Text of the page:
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Purpose: Immunizations are the single most common painful procedure pediatric patients experience in the healthcare setting. The repeated pain experienced during immunizations potentiate negative, long-term sequelae for the patient. The primary aim of the literature review was to evaluate the effectiveness of distraction techniques for pain reduction during pediatric immunizations.

Designs and Methods: A literature search was completed to review studies evaluating the effectiveness of distraction techniques on pediatric pain scores as measured by the Wong-Baker FACES pain rating scale. A systematic and critical analyses was conducted on the results of seven randomized controlled trials.

Results: The reviewed studies unanimously found that distraction techniques decreased pain scores when compared to the control group of having no intervention. Furthermore, anxiety and distress was found to be decreased in the pediatric patient, their accompanying caregiver, and the healthcare personnel administering the painful procedure.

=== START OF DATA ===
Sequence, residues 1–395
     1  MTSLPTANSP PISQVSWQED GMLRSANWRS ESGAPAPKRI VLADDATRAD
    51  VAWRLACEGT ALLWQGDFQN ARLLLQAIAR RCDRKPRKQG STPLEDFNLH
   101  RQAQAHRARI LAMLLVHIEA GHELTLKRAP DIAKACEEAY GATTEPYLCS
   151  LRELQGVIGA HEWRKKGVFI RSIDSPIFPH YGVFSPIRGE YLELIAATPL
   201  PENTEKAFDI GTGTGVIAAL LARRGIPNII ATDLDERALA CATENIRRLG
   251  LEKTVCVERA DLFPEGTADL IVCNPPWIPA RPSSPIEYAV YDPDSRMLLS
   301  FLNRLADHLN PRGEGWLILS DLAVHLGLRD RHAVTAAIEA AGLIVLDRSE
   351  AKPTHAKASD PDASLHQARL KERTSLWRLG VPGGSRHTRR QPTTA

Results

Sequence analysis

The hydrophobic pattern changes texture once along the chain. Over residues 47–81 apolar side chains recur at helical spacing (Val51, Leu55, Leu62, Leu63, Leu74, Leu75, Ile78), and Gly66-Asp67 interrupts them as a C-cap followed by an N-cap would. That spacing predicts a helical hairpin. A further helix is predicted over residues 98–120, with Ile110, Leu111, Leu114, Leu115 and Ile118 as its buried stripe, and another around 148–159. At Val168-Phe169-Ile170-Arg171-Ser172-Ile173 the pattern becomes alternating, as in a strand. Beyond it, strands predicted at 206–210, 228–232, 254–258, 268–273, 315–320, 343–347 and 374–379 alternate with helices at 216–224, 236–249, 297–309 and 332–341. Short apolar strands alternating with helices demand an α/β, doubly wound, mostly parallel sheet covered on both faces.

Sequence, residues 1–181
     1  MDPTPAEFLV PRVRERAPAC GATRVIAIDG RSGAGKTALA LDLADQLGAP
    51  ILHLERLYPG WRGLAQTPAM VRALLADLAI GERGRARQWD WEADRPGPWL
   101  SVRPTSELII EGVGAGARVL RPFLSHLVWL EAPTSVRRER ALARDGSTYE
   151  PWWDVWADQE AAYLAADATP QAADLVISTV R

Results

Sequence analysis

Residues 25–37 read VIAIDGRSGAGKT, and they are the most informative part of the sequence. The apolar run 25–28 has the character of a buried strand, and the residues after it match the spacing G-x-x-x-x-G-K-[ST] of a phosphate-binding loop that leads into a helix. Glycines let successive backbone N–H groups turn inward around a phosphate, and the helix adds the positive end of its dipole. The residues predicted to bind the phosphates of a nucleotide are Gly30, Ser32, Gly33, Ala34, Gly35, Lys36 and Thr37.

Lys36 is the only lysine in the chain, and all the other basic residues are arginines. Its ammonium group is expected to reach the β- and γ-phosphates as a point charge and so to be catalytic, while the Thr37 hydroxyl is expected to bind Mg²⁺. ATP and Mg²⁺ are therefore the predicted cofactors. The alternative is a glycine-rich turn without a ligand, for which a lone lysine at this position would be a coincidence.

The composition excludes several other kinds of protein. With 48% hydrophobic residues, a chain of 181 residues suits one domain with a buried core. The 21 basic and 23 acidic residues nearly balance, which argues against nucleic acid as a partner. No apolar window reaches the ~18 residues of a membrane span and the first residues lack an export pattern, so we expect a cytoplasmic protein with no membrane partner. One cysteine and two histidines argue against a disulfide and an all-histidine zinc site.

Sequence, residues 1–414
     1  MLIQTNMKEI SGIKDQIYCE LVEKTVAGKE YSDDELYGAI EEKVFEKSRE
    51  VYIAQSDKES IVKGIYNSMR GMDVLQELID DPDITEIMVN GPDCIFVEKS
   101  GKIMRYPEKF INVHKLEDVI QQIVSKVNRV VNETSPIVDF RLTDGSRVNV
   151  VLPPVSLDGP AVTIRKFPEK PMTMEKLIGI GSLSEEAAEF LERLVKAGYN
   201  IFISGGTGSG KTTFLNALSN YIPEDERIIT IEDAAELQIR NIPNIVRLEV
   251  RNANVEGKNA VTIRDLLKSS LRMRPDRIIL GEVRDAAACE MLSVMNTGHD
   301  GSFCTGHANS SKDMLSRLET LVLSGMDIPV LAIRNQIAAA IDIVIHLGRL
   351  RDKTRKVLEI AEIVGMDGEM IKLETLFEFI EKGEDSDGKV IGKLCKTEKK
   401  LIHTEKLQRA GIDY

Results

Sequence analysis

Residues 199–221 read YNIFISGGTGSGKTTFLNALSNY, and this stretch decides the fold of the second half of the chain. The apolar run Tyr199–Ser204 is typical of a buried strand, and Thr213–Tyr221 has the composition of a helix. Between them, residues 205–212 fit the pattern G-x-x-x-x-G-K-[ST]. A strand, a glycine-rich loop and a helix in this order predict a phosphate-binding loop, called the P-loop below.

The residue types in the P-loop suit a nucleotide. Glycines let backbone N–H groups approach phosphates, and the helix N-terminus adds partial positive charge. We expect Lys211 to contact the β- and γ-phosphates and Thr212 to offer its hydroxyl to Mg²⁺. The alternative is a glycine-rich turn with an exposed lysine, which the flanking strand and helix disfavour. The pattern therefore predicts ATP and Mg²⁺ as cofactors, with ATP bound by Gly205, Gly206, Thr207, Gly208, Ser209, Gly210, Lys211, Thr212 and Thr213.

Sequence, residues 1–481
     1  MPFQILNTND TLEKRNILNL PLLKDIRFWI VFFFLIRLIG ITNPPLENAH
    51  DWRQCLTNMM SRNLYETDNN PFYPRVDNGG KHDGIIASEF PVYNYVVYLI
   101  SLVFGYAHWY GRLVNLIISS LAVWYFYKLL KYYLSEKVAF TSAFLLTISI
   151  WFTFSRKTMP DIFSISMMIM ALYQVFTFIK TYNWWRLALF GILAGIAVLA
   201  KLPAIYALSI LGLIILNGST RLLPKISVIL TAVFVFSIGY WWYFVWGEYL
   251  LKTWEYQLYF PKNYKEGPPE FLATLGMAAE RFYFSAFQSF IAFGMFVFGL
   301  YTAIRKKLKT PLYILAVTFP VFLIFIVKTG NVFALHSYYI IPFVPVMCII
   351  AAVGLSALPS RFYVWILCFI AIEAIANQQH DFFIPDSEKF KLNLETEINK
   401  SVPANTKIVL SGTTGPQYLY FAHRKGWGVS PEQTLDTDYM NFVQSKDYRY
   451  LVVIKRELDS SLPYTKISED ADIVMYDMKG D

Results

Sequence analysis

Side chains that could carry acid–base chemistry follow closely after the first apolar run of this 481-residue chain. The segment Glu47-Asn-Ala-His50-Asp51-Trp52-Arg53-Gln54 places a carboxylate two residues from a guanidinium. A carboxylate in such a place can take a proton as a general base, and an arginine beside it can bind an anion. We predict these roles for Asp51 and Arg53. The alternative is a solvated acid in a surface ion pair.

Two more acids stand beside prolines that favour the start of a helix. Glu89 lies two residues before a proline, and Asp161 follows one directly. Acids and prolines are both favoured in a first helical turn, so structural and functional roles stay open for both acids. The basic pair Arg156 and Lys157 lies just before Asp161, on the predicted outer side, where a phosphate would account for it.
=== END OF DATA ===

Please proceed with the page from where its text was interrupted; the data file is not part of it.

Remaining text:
Conclusions: The literature review provided evidence that distraction techniques are non-invasive, non-pharmacological methods that can be utilized in a variety of settings to reduce pain for the pediatric patient during immunizations. The reduction in pain may prevent long-term negative sequelae from occurring in the patient and enhancing their healthcare experience.

Practice Implications: A reduction in pain and distress for pediatrics during immunizations may diminish long-term effects as seen as a result of repetitive pain, provide better adherence to immunization schedules, and increase compliance with healthcare recommendations.